IBJNews

IUPUI's Bantz passed over for UMass president's job

Back to TopCommentsE-mailPrintBookmark and Share

The University of Massachusetts Board of Trustees on Thursday tapped Robert Caret to lead the the five-campus UMass system, choosing him over IUPUI Chancellor Charles Bantz and Philip Clay of the Massachusetts Institute of Technology.

Earlier in the day, Bantz was identified as one of the three finalists culled from an initial field of 300 candidates.

Caret is president of Towson University in suburban Baltimore, where he has also served as faculty member, dean, executive vice president and provost during the past 25 years. He also served as president of San Jose State University from 1995 until 2003.

Current UMass President Jack Wilson is stepping down on June 30 after nearly eight years of leading the $2.8 billion university, which has about 66,000 students at a medical school and four undergraduate campuses.

Bantz, who also serves as executive vice president of Indiana University, joined IUPUI in 2003 following the retirement of longtime Chancellor Gerald Bepko. Bantz was a finalist for the president's job at the University of Iowa in 2007.

He came to Indianapolis from Wayne State University in Detroit. All told, Bantz has more than 35 years of experience in higher education, over half of that in leadership positions.

ADVERTISEMENT

  • New Leadership Needed
    Itâ??s obvious that Bantz does not want to be here in Indianapolis. Heâ??s applied to at least three different positions in his short tenure. Itâ??s obvious that he does not care about IUPUI, and our campus is suffering for it. We havenâ??t had good leadership here since Bepko left and for that matter the IU system has suffered since Myles Brand's departure. Thereâ??s great potential here, and we need leaders who want to be here and have vision.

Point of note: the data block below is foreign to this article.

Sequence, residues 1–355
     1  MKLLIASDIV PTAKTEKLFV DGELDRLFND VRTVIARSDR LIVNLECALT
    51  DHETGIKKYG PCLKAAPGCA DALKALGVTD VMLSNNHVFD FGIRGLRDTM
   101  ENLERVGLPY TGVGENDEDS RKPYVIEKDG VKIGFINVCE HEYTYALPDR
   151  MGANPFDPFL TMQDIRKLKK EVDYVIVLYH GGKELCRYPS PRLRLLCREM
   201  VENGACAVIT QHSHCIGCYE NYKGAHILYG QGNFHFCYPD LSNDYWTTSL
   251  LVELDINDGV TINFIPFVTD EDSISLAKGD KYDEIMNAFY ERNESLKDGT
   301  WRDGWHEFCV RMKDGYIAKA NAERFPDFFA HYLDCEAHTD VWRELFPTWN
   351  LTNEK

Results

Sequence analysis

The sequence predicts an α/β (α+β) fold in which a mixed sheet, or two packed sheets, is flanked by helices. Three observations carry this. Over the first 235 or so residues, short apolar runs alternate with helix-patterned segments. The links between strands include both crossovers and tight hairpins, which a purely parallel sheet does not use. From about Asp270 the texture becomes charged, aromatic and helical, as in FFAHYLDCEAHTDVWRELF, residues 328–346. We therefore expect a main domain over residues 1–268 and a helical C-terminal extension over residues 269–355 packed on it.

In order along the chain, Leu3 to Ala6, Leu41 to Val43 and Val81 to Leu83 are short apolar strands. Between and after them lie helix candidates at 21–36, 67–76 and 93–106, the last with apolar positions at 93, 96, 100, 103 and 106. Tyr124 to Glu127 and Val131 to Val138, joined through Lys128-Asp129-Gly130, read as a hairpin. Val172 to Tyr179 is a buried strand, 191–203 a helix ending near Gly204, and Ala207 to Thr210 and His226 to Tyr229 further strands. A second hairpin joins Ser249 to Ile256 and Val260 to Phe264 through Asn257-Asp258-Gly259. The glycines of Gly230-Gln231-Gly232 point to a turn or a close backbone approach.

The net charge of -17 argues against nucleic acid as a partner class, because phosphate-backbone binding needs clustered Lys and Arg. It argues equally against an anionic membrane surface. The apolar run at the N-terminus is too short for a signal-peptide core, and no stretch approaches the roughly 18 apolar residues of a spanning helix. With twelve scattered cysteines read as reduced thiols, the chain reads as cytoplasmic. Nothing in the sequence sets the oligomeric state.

Post a comment to this story

COMMENTS POLICY
We reserve the right to remove any post that we feel is obscene, profane, vulgar, racist, sexually explicit, abusive, or hateful.
 
You are legally responsible for what you post and your anonymity is not guaranteed.
 
Posts that insult, defame, threaten, harass or abuse other readers or people mentioned in IBJ editorial content are also subject to removal. Please respect the privacy of individuals and refrain from posting personal information.
 
No solicitations, spamming or advertisements are allowed. Readers may post links to other informational websites that are relevant to the topic at hand, but please do not link to objectionable material.
 
We may remove messages that are unrelated to the topic, encourage illegal activity, use all capital letters or are unreadable.
 

Messages that are flagged by readers as objectionable will be reviewed and may or may not be removed. Please do not flag a post simply because you disagree with it.

Sponsored by
ADVERTISEMENT

facebook - twitter on Facebook & Twitter

Follow on TwitterFollow IBJ on Facebook:
Follow on TwitterFollow IBJ's Tweets on these topics:
 
Subscribe to IBJ
  1. Those of you yelling to deport them all should at least understand that the law allows minors (if not from a bordering country) to argue for asylum. If you don't like the law, you can petition Congress to change it. But you can't blindly scream that they all need to be deported now, unless you want your government to just decide which laws to follow and which to ignore.

  2. 52,000 children in a country with a population of nearly 300 million is decimal dust or a nano-amount of people that can be easily absorbed. In addition, the flow of children from central American countries is decreasing. BL - the country can easily absorb these children while at the same time trying to discourage more children from coming. There is tension between economic concerns and the values of Judeo-Christian believers. But, I cannot see how the economic argument can stand up against the values of the believers, which most people in this country espouse (but perhaps don't practice). The Governor, who is an alleged religious man and a family man, seems to favor the economic argument; I do not see how his position is tenable under the circumstances. Yes, this is a complicated situation made worse by politics but....these are helpless children without parents and many want to simply "ship" them back to who knows where. Where are our Hoosier hearts? I thought the term Hoosier was synonymous with hospitable.

  3. Illegal aliens. Not undocumented workers (too young anyway). I note that this article never uses the word illegal and calls them immigrants. Being married to a naturalized citizen, these people are criminals and need to be deported as soon as humanly possible. The border needs to be closed NOW.

  4. Send them back NOW.

  5. deport now

ADVERTISEMENT